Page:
When judging GWPs in the show ring, it is unreasonable to ask a judge to determine the field abilities of a dog—that is what field trial and hunt test judges are for. But, we do ask our conformation judges to determine which dog is most suited to field work— based on the breed standard, our blueprint for the ideal hunting dog. With this in mind, judges need to visualize how each dog might perform in the field, and award placements based on which dogs would be the best to take on an allday hunting trip in tough brush. A dog that doesn’t move soundly, who has inefficient movement, who “pitter-pats” would probably not be able to hunt hard all day. That dog will tire out a lot quicker than the dog that has an easy, effortless gait, with plenty of reach and drive. A sound-moving, well-built dog must be a top priority for any serious hunter who plans to hunt all day, possibly a number of days in a row. A dog that isn’t balanced (equal angles—front and rear) will have inefficient movement, and will tire out more quickly than a dog that is balanced, regardless of the amount of angle the dog has. Now, what about the all-important coat that breeders are constantly preaching about? Picture the dog with the beautiful, long furnishing running through the sagebrush, thick brambles or a field of cockelburrs. The hunter that owns that dog will spend the evening pulling, brushing and cussing his dog’s coat. Or maybe there’s snow on the ground and it’s cold—the long furnishing will collect snow-balls, possibly even between the toes, causing the dog to go lame. And, when the dog with the soft coat goes into the freezing lake for a retrieve, the cold water will instantly hit his skin, making him very cold, and very likely to stop working. The dog with the soft coat will also suffer more cuts and scratches because tough brambles will cut right through his coat and to his skin. 60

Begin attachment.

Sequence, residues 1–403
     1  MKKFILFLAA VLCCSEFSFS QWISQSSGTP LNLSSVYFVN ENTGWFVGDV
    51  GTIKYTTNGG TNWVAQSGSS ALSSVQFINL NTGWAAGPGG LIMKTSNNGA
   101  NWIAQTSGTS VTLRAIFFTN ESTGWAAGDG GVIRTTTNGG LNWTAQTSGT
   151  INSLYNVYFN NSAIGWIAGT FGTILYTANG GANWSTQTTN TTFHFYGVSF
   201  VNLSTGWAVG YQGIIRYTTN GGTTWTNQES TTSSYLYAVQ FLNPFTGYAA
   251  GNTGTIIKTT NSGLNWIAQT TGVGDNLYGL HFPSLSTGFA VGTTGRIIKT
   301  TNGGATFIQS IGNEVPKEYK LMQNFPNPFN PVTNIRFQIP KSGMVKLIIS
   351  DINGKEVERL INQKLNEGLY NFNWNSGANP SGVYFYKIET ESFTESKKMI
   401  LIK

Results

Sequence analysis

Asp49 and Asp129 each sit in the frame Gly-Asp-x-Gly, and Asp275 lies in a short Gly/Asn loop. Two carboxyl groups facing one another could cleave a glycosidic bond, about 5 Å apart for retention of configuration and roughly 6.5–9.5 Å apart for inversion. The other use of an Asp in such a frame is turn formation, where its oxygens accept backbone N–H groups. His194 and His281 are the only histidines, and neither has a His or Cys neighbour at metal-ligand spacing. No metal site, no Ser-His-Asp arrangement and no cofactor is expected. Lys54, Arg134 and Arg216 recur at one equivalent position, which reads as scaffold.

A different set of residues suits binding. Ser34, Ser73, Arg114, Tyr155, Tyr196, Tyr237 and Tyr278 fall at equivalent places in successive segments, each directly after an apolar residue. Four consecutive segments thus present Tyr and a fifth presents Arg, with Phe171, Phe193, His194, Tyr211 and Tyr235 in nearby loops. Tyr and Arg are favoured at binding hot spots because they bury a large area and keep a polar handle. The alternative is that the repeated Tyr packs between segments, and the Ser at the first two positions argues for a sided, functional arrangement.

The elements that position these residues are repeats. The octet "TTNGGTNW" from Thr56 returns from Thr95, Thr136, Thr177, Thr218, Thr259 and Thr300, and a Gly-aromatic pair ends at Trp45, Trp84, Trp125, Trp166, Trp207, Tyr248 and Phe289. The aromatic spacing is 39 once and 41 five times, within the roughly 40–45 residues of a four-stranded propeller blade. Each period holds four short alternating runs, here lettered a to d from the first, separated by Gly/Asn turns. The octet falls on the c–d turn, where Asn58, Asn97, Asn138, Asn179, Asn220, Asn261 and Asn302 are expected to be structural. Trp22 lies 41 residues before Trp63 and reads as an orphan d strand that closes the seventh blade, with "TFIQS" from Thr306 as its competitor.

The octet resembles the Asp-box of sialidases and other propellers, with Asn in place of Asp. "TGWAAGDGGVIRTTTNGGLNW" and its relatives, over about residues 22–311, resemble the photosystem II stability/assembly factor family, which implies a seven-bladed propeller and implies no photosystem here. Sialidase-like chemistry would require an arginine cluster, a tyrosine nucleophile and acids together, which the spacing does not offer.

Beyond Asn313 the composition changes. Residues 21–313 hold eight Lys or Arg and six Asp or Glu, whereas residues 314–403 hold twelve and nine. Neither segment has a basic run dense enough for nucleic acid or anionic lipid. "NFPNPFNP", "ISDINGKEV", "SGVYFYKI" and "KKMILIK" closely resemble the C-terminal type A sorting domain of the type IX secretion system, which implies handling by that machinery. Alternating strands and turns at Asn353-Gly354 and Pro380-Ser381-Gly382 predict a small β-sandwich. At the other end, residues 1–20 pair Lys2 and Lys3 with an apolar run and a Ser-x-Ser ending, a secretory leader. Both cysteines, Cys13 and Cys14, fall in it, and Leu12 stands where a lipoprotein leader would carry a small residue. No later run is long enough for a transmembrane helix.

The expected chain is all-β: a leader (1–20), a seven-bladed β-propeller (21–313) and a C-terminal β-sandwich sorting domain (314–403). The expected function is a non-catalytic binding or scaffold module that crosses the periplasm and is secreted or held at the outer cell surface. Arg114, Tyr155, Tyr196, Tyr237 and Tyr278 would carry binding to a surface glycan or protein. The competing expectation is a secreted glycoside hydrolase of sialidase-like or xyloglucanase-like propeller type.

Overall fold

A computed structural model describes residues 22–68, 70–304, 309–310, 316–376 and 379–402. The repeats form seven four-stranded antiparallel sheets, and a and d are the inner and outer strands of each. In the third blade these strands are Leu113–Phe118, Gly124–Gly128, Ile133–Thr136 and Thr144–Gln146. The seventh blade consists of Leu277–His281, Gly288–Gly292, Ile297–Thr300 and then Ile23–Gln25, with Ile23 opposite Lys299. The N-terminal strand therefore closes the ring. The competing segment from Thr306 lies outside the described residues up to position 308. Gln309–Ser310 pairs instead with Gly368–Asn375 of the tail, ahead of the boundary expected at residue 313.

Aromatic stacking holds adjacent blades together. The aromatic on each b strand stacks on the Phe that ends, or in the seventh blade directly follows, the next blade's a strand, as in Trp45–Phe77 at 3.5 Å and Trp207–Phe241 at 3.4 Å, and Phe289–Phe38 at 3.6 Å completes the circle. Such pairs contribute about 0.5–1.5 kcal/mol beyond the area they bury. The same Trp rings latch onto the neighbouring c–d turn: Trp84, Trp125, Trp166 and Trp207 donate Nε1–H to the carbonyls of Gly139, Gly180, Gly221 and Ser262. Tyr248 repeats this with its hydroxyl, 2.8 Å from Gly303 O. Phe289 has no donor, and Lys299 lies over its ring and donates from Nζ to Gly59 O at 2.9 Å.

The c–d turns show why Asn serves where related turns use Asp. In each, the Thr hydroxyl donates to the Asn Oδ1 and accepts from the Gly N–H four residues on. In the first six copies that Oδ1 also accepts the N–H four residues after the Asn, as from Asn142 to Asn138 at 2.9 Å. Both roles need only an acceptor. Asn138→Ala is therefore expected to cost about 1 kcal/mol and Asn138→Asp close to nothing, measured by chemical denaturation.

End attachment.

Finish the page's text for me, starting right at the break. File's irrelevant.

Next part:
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What about the dog that’s standing in your ring with the shorter, but wirey coat and minimal furnishings? When he runs through the field of cockelburrs, the burrs won’t stick to his coat, and the one or two persistent burrs that stick to him will most likely get pulled out by the dog himself, while he’s riding in his crate at the end of the day. The hunter with this dog will be able to enjoy the evening relaxing with his dog. What about if the shorter-coated dog has to do a water retrieve? Well, his wirey dense coat will repel the water, similar to a Labrador (or a duck.) He will shakeoff the cold water when he gets to the shore, and will be happy to continue hunting. And, if he’s running through the snow you can be sure he won’t be collecting “snow balls” in his coat! And his dense coat will act as a shield against the tough brush, so he won’t be all cut-up at the end of the day. And, let’s talk temperaments a while. Our ideal hunting dog will have a bold, confident personality so he can work independently, at a distance from the hunter. A needy, insecure dog will stay too close to the hunter to be of any use in the field at all. And, what about that dog that jumps out of his skin when he hears a loud noise outside the ring? He’s most likely sound-sensitive which will render him completely useless when the hunter fires his shotgun. A dog that shows aggression towards other dogs will mean that the hunter will never be able to hunt with his buddies who also have hunting dogs—after all, nobody wants to hunt with a guy whose dog is continually interfering with the other guys’ dogs. What if the dog doesn’t like other people? Imagine that your dog has disappeared over the ridge, where your buddy is hunting. You ask your buddy to get the dog for you, and the dog runs away from him, and in the opposite direction as you. Now you’ve got to spend your time hunting for your dog, instead of hunting with your dog for birds! Not to mention, who wants a hunting buddy that none of your friends can touch? That’s not a